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Pa. Department of State announces training team for county election directors

Secretary of the Commonwealth Al Schmidt holds an election night press conference Nov. 7, 2023 (Credit: Commonwealth Media Services)

Kim Lyons, Pennsylvania Capital-Star
March 20, 2024

The Pennsylvania Department of State on Wednesday announced the launch of an election directors training team, focused on providing support and education for county election directors across the state.

Secretary of the Commonwealth Al Schmidt said the department was working to ensure counties are prepared for the April primary and November general elections. 

“Because the election administration landscape has changed so much since the last presidential election in 2020, and counties have seen an unprecedented amount of turnover among their top election officials during that time, the Department made it a priority this year to offer this additional training and support,” Schmidt said in a press release.

According to the DOS, the training team, which it began building in 2023, includes “professionals with hands-on experience overseeing elections in Pennsylvania counties.” 

A spokesperson declined to name who the officials are, citing privacy concerns. The team has conducted 20 trainings on nine different topics, with two additional sessions planned before the April 23 primary election, according to the DOS. 

Schmidt described the training as including “everything from ballot completion deadlines to managing hundreds of polling places.”

Gov. Josh Shapiro announced last month he was reviving a task force first established by former Gov. Tom Wolf, to mitigate threats to Pennsylvania’s election processes and protect voters from intimidation. The Election Threats Task Force, overseen by Schmidt, includes federal, state and local law enforcement and security, as well as election administration partners.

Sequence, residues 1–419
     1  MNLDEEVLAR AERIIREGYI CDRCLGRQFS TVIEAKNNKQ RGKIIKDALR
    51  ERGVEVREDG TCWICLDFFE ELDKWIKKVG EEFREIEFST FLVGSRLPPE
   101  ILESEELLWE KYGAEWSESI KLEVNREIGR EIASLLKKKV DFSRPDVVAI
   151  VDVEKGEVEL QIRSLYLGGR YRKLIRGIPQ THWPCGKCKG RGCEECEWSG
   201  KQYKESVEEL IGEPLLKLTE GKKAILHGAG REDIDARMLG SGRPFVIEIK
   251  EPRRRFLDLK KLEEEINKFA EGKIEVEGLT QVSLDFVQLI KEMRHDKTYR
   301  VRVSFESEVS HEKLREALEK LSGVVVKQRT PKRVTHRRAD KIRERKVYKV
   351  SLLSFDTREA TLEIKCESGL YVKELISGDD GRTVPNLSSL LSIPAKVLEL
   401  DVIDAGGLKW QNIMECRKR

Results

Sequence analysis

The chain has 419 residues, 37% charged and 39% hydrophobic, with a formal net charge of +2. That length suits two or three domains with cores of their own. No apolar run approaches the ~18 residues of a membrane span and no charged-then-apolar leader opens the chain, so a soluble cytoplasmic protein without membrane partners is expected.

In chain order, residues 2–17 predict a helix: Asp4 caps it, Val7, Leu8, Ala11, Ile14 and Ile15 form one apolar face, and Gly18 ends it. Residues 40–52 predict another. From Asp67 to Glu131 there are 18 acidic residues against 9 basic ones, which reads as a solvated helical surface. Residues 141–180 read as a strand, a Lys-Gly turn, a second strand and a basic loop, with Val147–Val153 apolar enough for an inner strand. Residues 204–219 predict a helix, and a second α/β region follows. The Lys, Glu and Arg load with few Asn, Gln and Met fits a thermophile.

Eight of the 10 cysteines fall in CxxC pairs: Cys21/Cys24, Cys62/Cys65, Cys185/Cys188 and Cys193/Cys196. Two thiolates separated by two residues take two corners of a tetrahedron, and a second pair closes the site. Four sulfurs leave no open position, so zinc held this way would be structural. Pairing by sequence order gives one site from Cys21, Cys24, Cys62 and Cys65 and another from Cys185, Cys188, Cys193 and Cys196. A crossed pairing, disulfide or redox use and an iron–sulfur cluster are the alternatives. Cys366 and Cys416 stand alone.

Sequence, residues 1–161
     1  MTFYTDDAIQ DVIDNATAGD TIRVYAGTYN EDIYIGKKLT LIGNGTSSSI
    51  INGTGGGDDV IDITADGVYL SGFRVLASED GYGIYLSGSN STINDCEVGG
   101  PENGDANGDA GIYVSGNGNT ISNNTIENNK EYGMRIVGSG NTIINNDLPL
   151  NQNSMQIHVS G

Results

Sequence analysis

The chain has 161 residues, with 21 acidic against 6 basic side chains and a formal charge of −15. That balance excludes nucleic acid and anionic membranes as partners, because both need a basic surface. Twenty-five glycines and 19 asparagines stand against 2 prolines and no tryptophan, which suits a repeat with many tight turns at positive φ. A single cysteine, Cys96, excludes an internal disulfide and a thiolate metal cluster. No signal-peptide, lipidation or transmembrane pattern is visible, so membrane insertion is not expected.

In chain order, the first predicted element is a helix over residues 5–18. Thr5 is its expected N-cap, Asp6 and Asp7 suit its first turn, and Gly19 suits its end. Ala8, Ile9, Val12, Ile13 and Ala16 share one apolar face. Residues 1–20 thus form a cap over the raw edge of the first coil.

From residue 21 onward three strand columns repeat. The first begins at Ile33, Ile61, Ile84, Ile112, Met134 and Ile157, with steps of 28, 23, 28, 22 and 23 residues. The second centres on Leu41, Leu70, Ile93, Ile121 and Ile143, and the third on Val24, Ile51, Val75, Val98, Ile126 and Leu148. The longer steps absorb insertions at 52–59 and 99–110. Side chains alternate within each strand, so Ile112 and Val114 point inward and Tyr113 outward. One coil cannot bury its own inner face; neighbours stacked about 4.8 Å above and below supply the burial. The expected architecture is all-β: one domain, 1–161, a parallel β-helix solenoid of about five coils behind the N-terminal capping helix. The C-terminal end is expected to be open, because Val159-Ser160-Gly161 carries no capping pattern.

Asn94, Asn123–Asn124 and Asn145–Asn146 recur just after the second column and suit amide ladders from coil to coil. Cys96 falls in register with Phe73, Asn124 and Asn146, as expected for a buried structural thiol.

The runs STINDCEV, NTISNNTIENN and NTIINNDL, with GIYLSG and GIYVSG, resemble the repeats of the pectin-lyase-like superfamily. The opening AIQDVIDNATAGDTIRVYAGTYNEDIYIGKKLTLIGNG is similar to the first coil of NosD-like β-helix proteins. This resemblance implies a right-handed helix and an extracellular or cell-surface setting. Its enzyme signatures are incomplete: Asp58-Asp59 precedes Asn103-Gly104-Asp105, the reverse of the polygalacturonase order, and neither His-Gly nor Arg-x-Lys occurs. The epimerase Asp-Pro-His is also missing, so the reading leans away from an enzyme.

Pennsylvania’s election administration has seen changes in recent elections — including the introduction of no-excuse mail-in voting in 2020 — that have been the subject of lawsuits, as well as widespread misinformation. 

The question of whether ballots with missing or incorrect dates should be counted or discarded has played a role in the state’s elections since Pennsylvania’s no-excuse absentee voting law took effect in 2020 during the pandemic.

The outcome of a lawsuit now before the Third U.S. Circuit Court of Appeals will determine how mail ballots are handled in the 2024 presidential election. Pennsylvania is considered a must-win state for either presidential candidate.

During an appearance at the Pennsylvania Press Club last month, Schmidt called turnover among experienced election officials in counties across the commonwealth “a real concern,” noting that 70 senior directors or those directly underneath them had left, often meaning significant changes within the same county.

Pennsylvania Capital-Star is part of States Newsroom, a network of news bureaus supported by grants and a coalition of donors as a 501c(3) public charity. Pennsylvania Capital-Star maintains editorial independence. Contact Editor Kim Lyons for questions: info@penncapital-star.com. Follow Pennsylvania Capital-Star on Facebook and Twitter.

This article is republished from Pennsylvania Capital-Star under a Creative Commons license. Read the original article.